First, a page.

In a landmark judgment that has far reaching implications for contractors, the Supreme Court has overturned the Appeal Court in MT Højgaard A/S v E.On Climate and Renewables UK Robin Rigg East Ltd and another  UKSC 59. The Supreme Court unanimously decided that, where a fitness for purpose obligation conflicted with a specified industry standard, precedence should be given to the fitness for purpose obligation, holding the contractor liable for the error in the standard, despite accepting it had displayed the requisite skill and care, adhered to good industry practice and complied fully with the specified industry standard.
The case concerned the construction of foundations at the Robin Rigg offshore windfarm. Tucked away at paragraph 126.96.36.199(ii) of the contract’s technical requirements was an obligation on the contractor to ensure the foundations had a 20 year lifespan, whilst the specification obliged that those foundations be constructed to a recognised industry standard. Unfortunately, the industry standard was subsequently found to contain an error with the result that the 20 year lifespan could not be achieved. The question was who carried the risk for the error?
Whilst the court clearly had sympathy for the contractor, it decided that:
- The key question to ask was ‘applying the natural meaning to the words, what is the purpose of the Contract?’, and the answer – to build a windfarm with foundations that would last for 20 years – produced the primary obligation of the contractor.
- Once that was accepted, it was no longer necessary to see the two competing terms as “mutually inconsistent”. Instead, the proper analysis is that “the contractor has to improve on any aspects of the prescribed design which would otherwise lead to the product falling short of the prescribed criteria”.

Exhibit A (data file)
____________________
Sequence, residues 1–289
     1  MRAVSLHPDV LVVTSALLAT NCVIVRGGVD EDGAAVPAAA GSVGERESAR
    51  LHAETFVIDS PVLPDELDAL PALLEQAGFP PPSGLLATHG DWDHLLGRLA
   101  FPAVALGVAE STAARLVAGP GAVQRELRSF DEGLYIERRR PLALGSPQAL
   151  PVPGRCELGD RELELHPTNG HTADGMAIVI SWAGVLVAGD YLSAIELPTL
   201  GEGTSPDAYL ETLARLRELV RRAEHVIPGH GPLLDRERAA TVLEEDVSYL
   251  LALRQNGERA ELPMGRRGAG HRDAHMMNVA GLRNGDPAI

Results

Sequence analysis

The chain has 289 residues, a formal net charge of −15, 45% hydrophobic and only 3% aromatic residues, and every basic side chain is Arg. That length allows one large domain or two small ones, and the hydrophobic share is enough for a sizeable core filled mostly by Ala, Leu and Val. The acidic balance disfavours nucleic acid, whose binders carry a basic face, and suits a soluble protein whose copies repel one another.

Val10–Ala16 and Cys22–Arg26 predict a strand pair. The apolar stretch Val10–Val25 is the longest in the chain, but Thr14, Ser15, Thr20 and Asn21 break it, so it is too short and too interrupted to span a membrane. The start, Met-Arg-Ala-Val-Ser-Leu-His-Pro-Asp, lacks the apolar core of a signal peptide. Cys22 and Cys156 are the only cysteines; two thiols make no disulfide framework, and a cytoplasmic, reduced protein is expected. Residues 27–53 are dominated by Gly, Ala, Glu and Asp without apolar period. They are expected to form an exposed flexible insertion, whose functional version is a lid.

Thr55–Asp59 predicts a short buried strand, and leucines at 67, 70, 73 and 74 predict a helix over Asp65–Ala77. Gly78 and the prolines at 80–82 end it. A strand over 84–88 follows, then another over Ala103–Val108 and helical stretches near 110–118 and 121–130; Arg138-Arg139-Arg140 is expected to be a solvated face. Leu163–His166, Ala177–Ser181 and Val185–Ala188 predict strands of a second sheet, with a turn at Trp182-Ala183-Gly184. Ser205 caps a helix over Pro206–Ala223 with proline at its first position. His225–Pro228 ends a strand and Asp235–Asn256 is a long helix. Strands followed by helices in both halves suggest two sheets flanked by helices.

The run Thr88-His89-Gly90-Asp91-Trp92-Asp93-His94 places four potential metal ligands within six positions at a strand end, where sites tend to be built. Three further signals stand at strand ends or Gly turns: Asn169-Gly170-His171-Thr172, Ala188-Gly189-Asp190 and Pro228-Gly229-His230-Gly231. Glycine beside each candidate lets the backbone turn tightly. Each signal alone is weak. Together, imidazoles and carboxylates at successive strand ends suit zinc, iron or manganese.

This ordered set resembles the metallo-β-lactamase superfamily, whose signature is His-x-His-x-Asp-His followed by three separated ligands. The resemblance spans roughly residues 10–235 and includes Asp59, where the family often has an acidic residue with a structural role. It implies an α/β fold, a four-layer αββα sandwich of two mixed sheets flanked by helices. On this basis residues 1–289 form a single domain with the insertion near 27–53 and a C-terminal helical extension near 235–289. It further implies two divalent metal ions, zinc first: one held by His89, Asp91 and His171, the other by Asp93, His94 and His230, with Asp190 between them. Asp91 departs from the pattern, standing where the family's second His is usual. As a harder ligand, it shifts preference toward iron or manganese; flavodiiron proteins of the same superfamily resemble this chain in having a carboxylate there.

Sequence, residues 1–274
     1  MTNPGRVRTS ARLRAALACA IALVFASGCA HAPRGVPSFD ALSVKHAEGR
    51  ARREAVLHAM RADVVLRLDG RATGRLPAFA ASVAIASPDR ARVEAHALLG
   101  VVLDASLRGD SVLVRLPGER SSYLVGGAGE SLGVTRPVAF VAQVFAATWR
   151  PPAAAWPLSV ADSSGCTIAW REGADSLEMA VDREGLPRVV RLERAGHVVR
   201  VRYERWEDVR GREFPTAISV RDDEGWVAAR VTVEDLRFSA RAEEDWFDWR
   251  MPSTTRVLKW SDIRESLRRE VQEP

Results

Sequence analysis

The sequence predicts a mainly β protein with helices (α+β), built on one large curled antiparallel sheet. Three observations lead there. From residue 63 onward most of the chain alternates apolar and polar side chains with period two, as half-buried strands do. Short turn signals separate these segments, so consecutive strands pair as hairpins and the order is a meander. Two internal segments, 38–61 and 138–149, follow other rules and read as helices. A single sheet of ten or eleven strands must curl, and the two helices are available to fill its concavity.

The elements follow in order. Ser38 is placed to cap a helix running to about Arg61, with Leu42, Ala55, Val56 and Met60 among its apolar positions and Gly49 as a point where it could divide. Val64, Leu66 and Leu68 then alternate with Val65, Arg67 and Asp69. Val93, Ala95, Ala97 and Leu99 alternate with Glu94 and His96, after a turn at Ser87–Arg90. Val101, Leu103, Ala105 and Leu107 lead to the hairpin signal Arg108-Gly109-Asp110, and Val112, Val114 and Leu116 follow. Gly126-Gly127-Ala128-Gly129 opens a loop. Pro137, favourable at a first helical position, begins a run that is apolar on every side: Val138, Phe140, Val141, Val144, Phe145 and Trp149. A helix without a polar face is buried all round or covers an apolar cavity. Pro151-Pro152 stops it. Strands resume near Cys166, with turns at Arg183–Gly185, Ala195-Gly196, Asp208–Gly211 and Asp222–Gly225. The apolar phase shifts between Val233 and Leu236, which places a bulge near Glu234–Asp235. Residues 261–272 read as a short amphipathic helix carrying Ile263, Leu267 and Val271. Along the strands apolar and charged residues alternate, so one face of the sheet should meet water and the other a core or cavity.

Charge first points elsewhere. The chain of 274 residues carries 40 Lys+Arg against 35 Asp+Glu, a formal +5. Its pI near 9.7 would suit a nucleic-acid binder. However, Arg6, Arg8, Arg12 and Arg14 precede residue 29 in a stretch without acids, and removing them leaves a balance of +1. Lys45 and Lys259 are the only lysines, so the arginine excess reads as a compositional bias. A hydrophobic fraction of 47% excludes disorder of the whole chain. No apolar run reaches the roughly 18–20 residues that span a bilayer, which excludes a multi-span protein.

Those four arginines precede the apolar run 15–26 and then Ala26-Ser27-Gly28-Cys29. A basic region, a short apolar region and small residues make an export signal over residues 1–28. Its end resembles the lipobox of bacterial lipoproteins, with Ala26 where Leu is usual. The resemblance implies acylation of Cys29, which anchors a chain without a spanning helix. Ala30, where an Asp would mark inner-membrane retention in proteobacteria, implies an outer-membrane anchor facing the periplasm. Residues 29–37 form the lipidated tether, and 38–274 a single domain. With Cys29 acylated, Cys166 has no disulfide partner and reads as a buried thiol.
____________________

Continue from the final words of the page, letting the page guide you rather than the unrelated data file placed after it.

The court was also asked to consider the issue that because the fitness for purpose obligation was contained in the contract’s technical requirements, as opposed to being set out in the terms and conditions, it was "too slender a thread on which to hang such an important and potentially onerous obligation". The Court dismissed this point, stating that the parties had agreed the technical requirements formed part of the contract and hence their words should be given their natural meaning irrespective of where they appear.
For employers the judgment will no doubt make sense. Eon contracted with MT for them to build foundations that would last for 20 years without the need for replacement, and that is what they should have got. For contractors though, the ramifications are that they can no longer rely on having constructed to a prescribed specification, or even that they did so with the requisite skill and care. When taking on a contract containing a fitness for purpose obligation, a contractor now has to take care to review, and if necessary improve upon, any prescribed specification to ensure it is capable of delivering the performance criteria. Consideration should also be given to including clauses that are intended to deal with conflicts between contractual documents, such as regulating the order of priority of contract documents, which may have assisted the contractor in this case had they been present.